I think the lesson from this game is fairly simple, and one that I’ve discussed recently: Players are either good or bad based on the quality of their talent and basketball skills. The same broad criterion determines whether teams are good or bad, assuming the roster is constructed intelligently and with complementary (as opposed to redundant) players. After talent, players’ performances will fluctuate based on match-ups, randomness, and yes, experience. But those qualities are listed in descending order of importance, meaning that talent is and always will be king. The United States has a more talented and skilled basketball team than Turkey does. Along with some luck and favorable match-ups, that’s why they won today.

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Experience and the NCAA Tournament

March 31, 2010

Sherron Collins' experience allowed him to go 4-15 with 5 turnovers in the biggest game of Kansas' season

Even for a square, pop culture-ignorant guy like me, a neat part of living in Manhattan is the occasional celebrity sighting. I ran into Bill Cosby on the corner years ago. I saw Matt Damon wheeling a stroller – with, presumably, a child in it – down my block this past winter. I’m also beginning to think the entire cast of “The Wire” lives on the Upper West Side, because I’ve seen Seth Gilliam (Carver) taking his kid to school, Wendell Pierce (Bunk) outside Lincoln Center, and John Doman (Rawls) on the 3 train. Does it make me feel cool to write all this? Yes. Yes it does.

The famous person I see more than anyone else, however, is current broadcaster and former NBA player Len Elmore. He must live in the neighborhood, because I see him everywhere. I owe my first interaction with Mr. Elmore to my father. We were walking up Amsterdam Avenue several years ago when a gigantic figure emerged from Caesar’s Palace Pizza on 84th Street. My dad, a University of Maryland fan and graduate, quickly recognized his fellow Terrapin and gushed to me “that’s Len Elmore!” Naturally, my dad introduced himself to Elmore, and the three of us continued uptown together in varying degrees of shock – dad at meeting Len Elmore, Len Elmore at being met by my dad, and me at my dad’s hidden reserves of childlike enthusiasm. It was three blocks of bliss for my dad, who reluctantly parted ways with Elmore at 87th Street.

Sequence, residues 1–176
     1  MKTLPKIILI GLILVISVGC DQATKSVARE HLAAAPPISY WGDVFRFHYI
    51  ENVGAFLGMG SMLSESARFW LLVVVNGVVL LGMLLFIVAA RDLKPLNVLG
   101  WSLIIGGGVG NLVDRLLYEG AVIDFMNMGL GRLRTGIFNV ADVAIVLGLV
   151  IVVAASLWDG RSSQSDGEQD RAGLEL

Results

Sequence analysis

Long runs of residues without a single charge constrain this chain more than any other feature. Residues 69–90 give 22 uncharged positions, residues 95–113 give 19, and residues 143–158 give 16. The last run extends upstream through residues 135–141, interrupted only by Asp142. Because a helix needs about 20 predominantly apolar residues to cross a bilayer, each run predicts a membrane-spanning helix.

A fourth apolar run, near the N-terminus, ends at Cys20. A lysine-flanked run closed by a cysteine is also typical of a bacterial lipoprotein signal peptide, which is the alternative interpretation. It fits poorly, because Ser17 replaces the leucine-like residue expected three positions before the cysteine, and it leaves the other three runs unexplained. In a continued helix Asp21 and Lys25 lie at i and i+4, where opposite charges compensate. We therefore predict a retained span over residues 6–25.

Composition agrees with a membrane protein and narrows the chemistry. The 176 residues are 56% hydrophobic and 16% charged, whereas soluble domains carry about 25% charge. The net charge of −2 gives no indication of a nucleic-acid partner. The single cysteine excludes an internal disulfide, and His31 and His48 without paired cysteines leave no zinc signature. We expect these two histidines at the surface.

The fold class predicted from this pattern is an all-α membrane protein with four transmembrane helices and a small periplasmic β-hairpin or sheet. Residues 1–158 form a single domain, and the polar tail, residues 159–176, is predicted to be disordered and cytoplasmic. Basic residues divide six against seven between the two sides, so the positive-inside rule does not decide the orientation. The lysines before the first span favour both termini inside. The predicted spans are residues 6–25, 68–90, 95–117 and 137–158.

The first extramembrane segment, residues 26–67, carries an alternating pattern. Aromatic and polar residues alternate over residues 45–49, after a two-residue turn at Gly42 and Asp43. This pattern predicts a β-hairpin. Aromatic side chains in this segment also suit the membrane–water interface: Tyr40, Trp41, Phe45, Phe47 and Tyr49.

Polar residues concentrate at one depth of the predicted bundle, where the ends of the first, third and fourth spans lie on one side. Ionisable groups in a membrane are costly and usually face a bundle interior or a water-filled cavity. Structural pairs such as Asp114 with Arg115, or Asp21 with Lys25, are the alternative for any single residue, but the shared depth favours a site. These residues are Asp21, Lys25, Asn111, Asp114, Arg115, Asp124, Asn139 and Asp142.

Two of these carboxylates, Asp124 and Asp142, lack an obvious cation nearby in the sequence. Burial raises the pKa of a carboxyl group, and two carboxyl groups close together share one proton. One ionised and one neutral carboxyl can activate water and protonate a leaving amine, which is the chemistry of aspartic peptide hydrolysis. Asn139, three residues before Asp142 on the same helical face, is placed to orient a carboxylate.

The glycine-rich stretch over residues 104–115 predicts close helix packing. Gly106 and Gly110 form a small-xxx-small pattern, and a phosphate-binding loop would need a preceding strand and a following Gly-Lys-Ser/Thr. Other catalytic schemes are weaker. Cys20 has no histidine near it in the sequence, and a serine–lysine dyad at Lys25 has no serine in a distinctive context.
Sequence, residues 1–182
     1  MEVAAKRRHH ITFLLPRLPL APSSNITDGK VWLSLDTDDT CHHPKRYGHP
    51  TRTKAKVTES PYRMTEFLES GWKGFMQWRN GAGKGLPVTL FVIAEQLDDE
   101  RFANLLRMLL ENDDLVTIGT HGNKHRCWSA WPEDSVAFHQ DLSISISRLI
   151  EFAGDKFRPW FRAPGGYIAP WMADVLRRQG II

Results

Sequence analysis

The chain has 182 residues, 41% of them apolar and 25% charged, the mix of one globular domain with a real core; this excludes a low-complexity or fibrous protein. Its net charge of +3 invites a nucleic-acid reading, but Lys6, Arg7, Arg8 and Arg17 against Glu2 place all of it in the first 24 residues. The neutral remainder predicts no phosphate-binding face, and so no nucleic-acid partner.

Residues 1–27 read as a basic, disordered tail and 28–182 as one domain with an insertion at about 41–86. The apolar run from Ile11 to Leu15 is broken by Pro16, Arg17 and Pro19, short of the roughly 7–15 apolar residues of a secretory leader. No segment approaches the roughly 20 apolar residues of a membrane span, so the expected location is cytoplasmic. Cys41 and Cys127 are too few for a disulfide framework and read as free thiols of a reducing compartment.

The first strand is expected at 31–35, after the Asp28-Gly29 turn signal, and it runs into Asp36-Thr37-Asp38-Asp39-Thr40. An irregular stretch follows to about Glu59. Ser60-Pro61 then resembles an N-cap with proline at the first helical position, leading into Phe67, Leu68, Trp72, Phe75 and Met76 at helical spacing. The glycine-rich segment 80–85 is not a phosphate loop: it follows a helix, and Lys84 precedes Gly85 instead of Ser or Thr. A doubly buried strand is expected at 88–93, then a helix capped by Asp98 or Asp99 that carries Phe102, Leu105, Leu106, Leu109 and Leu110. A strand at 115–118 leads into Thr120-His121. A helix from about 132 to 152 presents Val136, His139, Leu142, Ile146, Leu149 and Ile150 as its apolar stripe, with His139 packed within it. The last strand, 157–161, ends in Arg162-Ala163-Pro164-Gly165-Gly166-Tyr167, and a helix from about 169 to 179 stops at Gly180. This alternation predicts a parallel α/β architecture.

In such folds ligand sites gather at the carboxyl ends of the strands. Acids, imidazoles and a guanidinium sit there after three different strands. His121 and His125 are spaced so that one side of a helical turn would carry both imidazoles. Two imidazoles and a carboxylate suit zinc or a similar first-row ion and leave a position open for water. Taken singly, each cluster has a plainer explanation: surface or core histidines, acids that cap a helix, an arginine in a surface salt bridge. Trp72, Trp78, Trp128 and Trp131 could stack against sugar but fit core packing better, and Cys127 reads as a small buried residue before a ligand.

Obviously, with the NCAA Tournament in full swing, I haven’t seen Elmore around so much in March. But since he’s returned to the broadcasting booth, I’ve noticed a tendency of Elmore’s that I had never noticed before. More than most broadcasters I can think of, and certainly more than any other college basketball analysts, Elmore talks about the importance and significance of experience in the game of basketball. With Elmore, persistent shooting slumps and steady ball handling are attributed less to a simple cold streak or superior dexterity, and more to the absence or presence of a player’s experience. He’s not a radical. He’s not one of these analysts or fans that makes judgments about a player based on their look, their swagger, or any number of other arbitrary criteria on which intellectually complacent folks rely. But he really does seem to like himself some experience in a player.

As you can well imagine, I don’t think experience matters all that much when it comes to in-game activities. I suppose it matters when it comes to mental and physical preparation, but the number of variables affecting an athlete’s play in a game is so high that it strikes me as problematic to pin a player’s success or failure on the slippery and amorphous quality of “experience.” With all other factors being equal, yes, I would prefer an experienced player over an inexperienced one. The chances of “experience” being the deciding factor in any given game, however, seem quite low to me. Read the rest of this entry »